Dune II

Jan 1 1992

Westwood Studios' Dune II establishes the popularity of real-time strategy games that require players to act as military leaders deploying their resources and forces on the fly in order to defeat opponents.

Mortal Kombat / Doom

Jan 1 1993

Concern about bloodshed in games such as Mortal Kombat prompts United States Senate hearings on video game service. The controversy riles the industry and prompts the creation of a video game rating system. Ironically, that same year the game Doom popularizes "first person shooters."

Warcraft: Orcs and Humans

Jan 1 1994

Blizzard releases Warcraft: Orcs and Humans, a real-time strategy game that introduces millions of players to the legendary world of Azeroth.

Tomb Raider

Jan 1 1996

Lara Croft debuts as the star of Eidos's adventure game Tomb Raider. Players love her, but critics charge that she's an example of sexism in video games.

Legend of Zelda: Ocarina of Time

Jan 1 1998

Legend of Zelda: Ocarina of Time transports players to the richly imagined world of Hyrule, full of engaging characters, thought-provoking puzzles, and the most memorable musical instrument to ever appear in a video game.


Jan 1 1999

Sony Online Entertainment's Everquest leads hundreds of thousands of users to join guilds, fight monsters, and level up in the multiplayer online world of Norrath.

The Sims

Jan 1 2000

Will Wright's The Sims models in real life. It is not the first simulation game-- Utopia on Intellivision, Peter Molyneaux's Populous, Sid Meier's Civilization, and Wright's own SimCity preceded it-- but it becomes the best-selling computer game ever and the most popular game with female players.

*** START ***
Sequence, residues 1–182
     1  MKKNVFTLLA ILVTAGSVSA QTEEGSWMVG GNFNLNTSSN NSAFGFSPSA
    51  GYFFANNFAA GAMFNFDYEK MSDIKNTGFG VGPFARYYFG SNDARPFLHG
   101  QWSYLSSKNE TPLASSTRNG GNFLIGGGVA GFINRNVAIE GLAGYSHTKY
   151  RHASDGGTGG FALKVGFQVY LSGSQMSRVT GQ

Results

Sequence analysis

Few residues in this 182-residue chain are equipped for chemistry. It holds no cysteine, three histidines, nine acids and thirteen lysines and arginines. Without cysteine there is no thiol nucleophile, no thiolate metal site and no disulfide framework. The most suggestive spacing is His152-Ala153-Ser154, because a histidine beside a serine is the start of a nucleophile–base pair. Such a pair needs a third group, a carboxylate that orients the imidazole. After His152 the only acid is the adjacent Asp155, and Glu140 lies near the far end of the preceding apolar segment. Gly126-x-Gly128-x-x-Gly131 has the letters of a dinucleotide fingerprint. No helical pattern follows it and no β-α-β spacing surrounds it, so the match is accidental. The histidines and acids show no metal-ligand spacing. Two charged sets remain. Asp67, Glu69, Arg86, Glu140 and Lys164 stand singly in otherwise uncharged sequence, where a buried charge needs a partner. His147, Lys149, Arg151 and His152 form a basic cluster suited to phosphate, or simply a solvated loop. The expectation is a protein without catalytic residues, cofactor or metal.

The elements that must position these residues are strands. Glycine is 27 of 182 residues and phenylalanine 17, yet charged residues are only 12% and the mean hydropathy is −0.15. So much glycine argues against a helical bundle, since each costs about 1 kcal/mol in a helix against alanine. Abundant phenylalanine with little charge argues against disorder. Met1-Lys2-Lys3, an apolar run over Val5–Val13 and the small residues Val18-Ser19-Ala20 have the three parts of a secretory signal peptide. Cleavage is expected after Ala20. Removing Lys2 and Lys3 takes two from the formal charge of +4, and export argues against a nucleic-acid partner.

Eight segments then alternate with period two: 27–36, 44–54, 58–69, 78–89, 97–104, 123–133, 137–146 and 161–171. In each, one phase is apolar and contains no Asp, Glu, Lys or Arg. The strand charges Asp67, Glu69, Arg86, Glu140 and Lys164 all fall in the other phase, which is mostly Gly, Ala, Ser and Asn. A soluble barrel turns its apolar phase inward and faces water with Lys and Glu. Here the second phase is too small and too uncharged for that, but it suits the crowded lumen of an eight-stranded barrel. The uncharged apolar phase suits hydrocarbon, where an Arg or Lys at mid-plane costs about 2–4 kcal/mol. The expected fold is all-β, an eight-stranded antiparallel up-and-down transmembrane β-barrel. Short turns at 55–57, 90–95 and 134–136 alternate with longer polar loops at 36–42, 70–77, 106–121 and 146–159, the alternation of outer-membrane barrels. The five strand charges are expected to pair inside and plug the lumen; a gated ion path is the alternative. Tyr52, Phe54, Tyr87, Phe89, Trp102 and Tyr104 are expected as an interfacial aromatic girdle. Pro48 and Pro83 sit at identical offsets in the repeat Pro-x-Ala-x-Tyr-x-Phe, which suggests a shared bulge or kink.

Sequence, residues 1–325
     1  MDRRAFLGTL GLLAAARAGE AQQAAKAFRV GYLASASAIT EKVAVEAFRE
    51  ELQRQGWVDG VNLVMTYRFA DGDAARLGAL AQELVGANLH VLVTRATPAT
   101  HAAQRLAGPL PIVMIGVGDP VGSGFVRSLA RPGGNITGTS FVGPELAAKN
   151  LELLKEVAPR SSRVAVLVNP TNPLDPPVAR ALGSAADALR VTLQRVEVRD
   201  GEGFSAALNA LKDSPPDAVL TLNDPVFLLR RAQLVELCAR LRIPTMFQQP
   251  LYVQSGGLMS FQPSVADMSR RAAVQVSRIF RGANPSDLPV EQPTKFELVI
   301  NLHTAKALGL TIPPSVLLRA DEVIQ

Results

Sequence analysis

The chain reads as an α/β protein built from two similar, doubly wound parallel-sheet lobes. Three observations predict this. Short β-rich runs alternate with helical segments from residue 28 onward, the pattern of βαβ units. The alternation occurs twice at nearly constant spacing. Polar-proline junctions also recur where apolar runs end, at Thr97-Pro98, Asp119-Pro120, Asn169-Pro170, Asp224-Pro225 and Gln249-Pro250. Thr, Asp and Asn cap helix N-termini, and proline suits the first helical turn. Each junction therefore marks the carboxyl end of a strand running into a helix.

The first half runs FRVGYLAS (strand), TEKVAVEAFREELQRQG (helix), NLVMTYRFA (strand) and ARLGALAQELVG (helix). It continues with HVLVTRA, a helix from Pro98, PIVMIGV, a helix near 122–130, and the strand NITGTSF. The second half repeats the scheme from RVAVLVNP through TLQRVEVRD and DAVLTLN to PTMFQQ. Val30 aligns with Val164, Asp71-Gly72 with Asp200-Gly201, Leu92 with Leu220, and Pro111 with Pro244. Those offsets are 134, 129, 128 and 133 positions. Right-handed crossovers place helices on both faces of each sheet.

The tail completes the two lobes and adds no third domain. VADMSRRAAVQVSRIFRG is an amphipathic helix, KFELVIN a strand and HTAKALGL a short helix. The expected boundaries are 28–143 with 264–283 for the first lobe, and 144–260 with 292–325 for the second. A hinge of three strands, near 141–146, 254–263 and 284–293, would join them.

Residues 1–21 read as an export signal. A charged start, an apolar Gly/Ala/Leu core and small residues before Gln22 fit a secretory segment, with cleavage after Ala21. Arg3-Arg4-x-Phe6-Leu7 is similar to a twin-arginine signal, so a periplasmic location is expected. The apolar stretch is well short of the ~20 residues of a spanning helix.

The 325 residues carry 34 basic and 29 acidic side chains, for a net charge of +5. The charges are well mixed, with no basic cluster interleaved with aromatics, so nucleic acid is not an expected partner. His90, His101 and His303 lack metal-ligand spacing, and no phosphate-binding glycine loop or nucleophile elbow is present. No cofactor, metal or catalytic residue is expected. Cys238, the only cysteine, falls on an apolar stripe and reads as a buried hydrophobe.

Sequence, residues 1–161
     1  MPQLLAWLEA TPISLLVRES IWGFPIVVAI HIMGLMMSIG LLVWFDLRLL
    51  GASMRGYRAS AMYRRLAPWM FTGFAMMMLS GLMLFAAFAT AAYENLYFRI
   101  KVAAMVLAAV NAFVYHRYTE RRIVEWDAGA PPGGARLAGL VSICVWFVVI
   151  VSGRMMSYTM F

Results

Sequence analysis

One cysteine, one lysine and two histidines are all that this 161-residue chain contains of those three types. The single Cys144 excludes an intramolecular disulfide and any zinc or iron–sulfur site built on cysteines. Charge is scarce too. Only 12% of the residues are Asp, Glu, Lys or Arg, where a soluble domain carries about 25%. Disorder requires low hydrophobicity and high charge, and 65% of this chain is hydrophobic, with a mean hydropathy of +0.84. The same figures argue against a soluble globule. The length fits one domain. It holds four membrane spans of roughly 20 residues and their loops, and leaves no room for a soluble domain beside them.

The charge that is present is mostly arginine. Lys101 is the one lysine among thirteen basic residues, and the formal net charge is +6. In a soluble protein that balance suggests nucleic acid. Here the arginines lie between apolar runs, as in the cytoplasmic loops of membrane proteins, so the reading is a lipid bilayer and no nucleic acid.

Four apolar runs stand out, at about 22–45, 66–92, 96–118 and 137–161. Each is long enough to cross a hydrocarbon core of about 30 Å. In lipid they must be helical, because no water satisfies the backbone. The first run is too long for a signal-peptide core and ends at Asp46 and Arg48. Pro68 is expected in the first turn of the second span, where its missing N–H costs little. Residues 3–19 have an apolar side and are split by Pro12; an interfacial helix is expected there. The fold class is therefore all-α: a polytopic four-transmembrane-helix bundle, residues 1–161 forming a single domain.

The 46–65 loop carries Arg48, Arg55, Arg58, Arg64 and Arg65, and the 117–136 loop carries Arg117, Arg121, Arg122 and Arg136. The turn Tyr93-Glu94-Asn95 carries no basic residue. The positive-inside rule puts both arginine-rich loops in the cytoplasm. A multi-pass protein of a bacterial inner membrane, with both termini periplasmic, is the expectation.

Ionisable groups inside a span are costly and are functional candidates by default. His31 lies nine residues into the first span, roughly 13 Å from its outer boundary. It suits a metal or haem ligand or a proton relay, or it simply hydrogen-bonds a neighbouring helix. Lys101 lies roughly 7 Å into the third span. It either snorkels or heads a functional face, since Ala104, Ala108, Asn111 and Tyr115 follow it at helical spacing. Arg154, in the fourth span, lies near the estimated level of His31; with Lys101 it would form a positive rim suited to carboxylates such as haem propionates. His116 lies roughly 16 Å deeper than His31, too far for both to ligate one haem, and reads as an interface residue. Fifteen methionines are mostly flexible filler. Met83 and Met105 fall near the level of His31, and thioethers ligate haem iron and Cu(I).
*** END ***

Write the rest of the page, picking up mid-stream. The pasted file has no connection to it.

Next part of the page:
America's Army

Jan 1 2002

While walking through the aisles of an electronics store, Lt. Colonel Casey Wardynski conceives of a U.S. Army branded video game. In 2002, the army releases America's Army to help recruit and communicate with a new generation of electronic gamers.


Jan 1 2003

Valve energizes PC gaming with its release of Steam. The digital distribution platform allows players to download, play, and update games.

Rock Band

Jan 1 2007

Grab your guitar, microphone, bass, or drums, and start playing Rock Band. That's what millions of would-be musicians did with Harmonix's hit title.

World of Warcraft

Jan 1 2008

More than 10 million worldwide subscribers make World of Warcraft the most popular massively multiplayer online game. MMOs create entire virtual universes for players and redefine how we play, learn, and relate to each other.

Social / Mobile Gaming

Jan 1 2009

Social games like Farmville and mobile games like Angry Birds shake up the games industry. Millions of people who never would have considered themselves gamers now while away hours playing games on new platforms like Facebook and the iPhone.


Jan 1 2010

The indie game movement comes of age with the tremendous popularity of Minecraft, the addictive brick-building game from Swedish developer Markus Persson.

The Elder Scrolls: Skyrim

Jan 1 2011

Elder Scrolls V: Skyrim showcases the beauty, majesty, and massiveness of video games as players explore a seemingly endless, beautifully rendered fantasy world.


First computer is created

Jan 1 1940

Edward U. Condon designs a computer for the Westinghouse display at the World's Fair. It plays the traditional game Nim.

First blackjack program

Jan 1 1954